Multitasking for the 21st Century Grad Student

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By Laurence Dumouchel
June 15, 2016

The month of May is often a whirlwind! Everyone is busy transitioning from the semester to their summer research (or, for the lucky ones, vacation!). I am preparing for several months of thesis research in Africa and moving out of my apartment while maintaining my regular day-to-day: research, museum work, meetings, etc. It’s hectic!

If there is one thing I’ve learned in grad school it’s the art of multitasking and time management. There is an app for everything nowadays, and even though I am not always the most technologically inclined, I too have turned to technology to stay organized. There are a few staple apps I use almost every day and that have greatly improved my grad school experience. If I can do it, anyone can!

1.     The infamous to-do list

With so many meetings, seminars, events, talks and classes, there are a lot of things to juggle in the life of a grad student. I couldn’t do any of it without my trusty to-do list. After toying around with a few different apps, I finally fell madly in love with OmniFocus, a task management app. But these are not your grandma’s to-do lists. You can set and modify deadlines, classify items by category, “flag” items that are urgent and, best of all, you can sync your list between all your devices. If I suddenly remember something on the bus, I just write it down in OmniFocus on my phone, and it pops up when I open the app on my computer later! The app is a little pricey, but totally worth it for me. Get Omnifocus here or in the App Store (sorry Windows/Android users, Omnifocus is Apple only at the moment – check out Evernote (another favorite), Todoist or Trello).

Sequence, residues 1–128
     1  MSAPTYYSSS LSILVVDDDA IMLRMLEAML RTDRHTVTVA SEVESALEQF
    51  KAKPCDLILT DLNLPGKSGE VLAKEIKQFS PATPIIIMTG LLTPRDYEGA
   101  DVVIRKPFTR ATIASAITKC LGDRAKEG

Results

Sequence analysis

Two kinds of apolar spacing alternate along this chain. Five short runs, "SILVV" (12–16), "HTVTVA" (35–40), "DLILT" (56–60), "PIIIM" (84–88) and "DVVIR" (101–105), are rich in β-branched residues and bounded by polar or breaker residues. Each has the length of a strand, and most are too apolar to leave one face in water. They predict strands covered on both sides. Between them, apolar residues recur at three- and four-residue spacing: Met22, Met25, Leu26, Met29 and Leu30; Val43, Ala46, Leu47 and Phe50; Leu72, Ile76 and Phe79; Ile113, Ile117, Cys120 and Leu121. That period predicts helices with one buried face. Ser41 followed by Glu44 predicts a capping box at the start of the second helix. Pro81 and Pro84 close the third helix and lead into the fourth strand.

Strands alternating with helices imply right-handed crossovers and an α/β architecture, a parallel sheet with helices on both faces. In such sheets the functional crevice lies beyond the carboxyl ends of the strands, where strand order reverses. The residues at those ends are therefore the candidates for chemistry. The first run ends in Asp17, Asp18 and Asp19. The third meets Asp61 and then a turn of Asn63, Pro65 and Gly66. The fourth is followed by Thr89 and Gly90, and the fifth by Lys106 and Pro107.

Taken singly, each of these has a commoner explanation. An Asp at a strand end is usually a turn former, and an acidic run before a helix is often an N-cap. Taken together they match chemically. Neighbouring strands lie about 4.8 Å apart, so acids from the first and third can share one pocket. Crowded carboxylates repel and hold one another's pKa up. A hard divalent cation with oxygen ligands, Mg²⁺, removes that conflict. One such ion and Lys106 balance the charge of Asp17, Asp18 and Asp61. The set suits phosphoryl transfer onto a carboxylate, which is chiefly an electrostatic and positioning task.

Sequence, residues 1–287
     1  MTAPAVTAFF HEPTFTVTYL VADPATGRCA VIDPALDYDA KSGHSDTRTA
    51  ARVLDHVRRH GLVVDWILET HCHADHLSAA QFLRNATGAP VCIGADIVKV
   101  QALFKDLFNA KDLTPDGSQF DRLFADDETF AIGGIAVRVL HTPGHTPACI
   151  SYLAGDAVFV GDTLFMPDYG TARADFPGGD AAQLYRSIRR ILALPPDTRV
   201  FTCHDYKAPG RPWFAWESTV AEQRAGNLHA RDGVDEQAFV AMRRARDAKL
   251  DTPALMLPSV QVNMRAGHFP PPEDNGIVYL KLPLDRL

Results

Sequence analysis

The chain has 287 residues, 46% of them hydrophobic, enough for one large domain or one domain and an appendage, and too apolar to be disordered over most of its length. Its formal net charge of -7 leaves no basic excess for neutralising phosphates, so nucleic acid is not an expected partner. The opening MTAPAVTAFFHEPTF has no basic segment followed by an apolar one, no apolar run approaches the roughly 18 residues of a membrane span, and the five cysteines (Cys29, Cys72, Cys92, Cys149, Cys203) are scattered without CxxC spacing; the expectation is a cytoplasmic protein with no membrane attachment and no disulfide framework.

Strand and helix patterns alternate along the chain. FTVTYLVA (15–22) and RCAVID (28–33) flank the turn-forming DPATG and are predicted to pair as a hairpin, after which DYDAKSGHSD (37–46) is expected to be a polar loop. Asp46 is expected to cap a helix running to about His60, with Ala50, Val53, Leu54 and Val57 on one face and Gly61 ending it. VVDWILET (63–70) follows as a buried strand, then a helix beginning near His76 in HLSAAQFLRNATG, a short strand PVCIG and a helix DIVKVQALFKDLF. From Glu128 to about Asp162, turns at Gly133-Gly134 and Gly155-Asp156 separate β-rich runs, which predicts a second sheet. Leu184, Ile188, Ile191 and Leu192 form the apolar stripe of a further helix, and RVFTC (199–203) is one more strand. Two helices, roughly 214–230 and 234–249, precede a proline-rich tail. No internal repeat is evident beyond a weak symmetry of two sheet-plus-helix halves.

2.     Taking advantage of long commutes

I like to use the time I spend on buses and trains (and waiting for buses and trains) to catch up on my reading. I’m sure you’ve heard of reading e-books on your phone or tablet, but I actually use an app to read journal articles. Pdf-notes is a free app that allows you to download pdfs, highlight text, and take notes – and it’s much eco-friendlier than printing. Find it in the App Store and have a productive commute!

3.     Boomerang it

What is Boomerang? Well, let’s say you’re working on a research paper at 2 am and need to send it to your advisor, but you hesitate because you don’t want to send an email in the middle of the night. Never happened to you? Me neither. But if you ever find yourself in this situation, you need Boomerang. It lets you to draft the email and schedule it to send at, say, 7 am. Your advisor’s phone doesn’t ping in the middle of the night, and you get to sleep in the next morning! I also use it to schedule meeting reminder emails. Boomerang is an extension of Gmail, so it works with GW’s email addresses. And it’s free! Get it here.

Despite all of this tech help, I still sometimes forget to answer emails and miss the occasional talk. Apps haven’t solved all of my problems, but they do help!